Four months after Quip launched on iOS, the company delivers on its promise of an Android app for its eponymous word processor. Today's release comes on the heels of a major update to its Web and iOS apps that finally lets you import Microsoft Word files, a feature the Android version lacks for now. Still, with these two updates, Quip edges closer to its ideal of being a collaborative cross-platform word processor.
It's curtains for BlackBerry
Following a miserable three days after reporting a writedown of $1 billion and layoffs of 4,500 employees, BlackBerry said that it has signed a letter of intent to be taken private under an arrangement with a group of investors led by Fairfax Financial Holdings Limited.
This move should cause any businesses that are still heavy BlackBerry users to begin testing and planning alternatives -- now.
Taking a company private can sometimes help a business make bets and form a long term strategy that results in success. The problem for BlackBerry is it’s just too late. The time for bets and new, long-term strategies was three or four years ago. BlackBerry users that have stuck it out this far won’t have the patience to wait long enough for the kinds of changes that might happen now.
However, if the new owners do plan to still try to sell off pieces of the business, there’s hope yet for some of the technology that BlackBerry once pioneered. It’s behind the game in most areas but with some focus it could salvage some businesses.
For instance, its enterprise server has been used by corporations for years. BlackBerry recently began allowing users to manage non-BlackBerry devices from the servers. Last week, BlackBerry said that 25,000 businesses had begun using or trying its new server. With some focus and added investment, the BlackBerry server could continue to be a competitive mobile device management tool -- perhaps under a different owner, like one of the standalone MDM vendors like MobileIron or Airwatch.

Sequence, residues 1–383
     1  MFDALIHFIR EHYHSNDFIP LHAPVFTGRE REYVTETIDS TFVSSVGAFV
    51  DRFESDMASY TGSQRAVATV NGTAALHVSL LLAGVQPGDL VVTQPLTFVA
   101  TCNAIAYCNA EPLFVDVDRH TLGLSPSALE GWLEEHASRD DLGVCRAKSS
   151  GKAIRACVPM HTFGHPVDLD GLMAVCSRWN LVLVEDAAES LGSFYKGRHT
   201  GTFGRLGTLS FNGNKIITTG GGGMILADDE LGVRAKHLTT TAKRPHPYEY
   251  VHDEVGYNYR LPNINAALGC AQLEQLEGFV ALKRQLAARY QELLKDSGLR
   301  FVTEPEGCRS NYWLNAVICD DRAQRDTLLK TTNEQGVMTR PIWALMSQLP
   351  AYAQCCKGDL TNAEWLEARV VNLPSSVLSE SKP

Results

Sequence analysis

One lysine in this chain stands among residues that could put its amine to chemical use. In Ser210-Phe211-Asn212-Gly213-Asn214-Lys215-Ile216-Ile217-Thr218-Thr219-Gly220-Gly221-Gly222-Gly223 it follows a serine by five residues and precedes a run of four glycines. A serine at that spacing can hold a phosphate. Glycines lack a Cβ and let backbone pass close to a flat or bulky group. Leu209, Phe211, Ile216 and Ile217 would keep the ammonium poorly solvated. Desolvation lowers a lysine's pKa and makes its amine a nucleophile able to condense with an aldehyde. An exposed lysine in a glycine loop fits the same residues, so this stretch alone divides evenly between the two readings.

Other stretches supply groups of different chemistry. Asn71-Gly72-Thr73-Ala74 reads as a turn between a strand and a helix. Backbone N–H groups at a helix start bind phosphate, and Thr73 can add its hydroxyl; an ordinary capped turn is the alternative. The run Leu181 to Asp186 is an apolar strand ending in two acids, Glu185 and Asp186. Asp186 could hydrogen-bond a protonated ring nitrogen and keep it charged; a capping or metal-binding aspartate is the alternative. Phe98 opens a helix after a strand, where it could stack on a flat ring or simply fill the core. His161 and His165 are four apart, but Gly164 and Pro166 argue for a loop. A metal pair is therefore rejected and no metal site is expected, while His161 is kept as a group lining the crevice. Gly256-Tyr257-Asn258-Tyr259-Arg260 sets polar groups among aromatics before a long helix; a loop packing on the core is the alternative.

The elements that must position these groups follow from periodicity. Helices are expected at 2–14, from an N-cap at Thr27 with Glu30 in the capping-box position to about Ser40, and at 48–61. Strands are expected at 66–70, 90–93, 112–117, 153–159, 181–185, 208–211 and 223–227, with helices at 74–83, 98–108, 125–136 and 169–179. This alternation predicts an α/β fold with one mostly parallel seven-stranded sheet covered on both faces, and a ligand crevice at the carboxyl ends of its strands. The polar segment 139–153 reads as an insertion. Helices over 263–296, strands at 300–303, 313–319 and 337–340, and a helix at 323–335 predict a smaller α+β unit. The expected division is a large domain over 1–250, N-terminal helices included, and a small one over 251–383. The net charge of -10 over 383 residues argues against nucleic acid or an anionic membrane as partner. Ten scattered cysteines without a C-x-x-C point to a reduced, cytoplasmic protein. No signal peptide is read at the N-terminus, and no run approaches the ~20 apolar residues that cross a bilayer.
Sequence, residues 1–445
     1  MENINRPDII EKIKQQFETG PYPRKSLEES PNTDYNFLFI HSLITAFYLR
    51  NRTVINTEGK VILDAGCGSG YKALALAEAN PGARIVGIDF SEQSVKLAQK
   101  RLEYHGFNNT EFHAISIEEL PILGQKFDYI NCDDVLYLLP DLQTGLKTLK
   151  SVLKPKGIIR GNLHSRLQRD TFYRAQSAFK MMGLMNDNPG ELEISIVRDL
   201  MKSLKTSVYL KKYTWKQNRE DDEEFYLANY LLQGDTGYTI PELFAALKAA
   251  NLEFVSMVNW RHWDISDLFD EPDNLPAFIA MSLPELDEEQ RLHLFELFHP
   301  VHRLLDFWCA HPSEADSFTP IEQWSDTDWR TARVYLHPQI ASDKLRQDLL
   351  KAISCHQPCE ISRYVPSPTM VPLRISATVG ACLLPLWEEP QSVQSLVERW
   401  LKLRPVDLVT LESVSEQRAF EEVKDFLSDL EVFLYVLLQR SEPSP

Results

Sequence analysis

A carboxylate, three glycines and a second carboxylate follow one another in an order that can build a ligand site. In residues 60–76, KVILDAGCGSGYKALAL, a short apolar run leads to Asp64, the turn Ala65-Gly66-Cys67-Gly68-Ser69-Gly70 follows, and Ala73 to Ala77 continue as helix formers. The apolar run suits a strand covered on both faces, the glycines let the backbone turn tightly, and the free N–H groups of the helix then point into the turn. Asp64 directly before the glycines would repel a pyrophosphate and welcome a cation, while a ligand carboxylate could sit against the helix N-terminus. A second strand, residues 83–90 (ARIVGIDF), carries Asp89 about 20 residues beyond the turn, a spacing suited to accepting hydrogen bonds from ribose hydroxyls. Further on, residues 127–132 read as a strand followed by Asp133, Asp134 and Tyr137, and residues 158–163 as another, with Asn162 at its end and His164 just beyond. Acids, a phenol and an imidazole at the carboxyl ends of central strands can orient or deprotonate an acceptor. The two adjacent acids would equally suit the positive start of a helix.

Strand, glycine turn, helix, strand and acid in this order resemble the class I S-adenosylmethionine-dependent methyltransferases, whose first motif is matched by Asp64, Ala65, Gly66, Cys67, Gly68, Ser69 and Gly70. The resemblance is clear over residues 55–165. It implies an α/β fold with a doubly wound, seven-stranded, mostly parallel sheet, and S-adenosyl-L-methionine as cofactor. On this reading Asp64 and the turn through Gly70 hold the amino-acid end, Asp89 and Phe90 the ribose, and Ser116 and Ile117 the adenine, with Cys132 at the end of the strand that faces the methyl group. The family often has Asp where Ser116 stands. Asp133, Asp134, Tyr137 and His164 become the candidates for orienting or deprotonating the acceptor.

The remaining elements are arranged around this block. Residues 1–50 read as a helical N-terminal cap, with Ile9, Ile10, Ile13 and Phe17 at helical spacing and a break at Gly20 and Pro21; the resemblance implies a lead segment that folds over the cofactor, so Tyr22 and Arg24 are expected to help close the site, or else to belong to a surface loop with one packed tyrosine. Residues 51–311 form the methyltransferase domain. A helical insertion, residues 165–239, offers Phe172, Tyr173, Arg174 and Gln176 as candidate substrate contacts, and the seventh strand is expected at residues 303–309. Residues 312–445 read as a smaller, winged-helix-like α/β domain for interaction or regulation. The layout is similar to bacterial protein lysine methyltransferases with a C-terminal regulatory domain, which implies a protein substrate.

Turning around the handset business, however, is a much tougher proposition. Whether BlackBerry keeps it or tries to sell it off, the business has had years to try to catch up with the rest of the smartphone market and has clearly failed. Given the proliferation of MDM products, including BlackBerry’s own enterprise server, that support the major platforms, there’s little reason for businesses to be interested in BlackBerry phones.
Finally, while there was once hope for BlackBerry’s messenger platform, another disaster over the weekend leaves little confidence that the service has a bright future, either under BlackBerry or as a spun off business. The company had planned to roll out versions of the messenger service for Android and iOS over the weekend but had to scuttle the plan after a leaked version of the Android version began circulating online.
Last week BlackBerry announced plans to lay off 4,500 workers and said it plans to write off nearly $1 billion for its second quarter. Questions arose following that announcement about a new corporate jet purchased by the company just a couple months ago.
With news this week that Google Compute Engine cloud is now generally available, the battle in the Infrastructure-as-a-Service market has hit a new level. The biggest question is: Can Google give the kingpin of the public IaaS market, Amazon Web Services (AWS), a run for its money?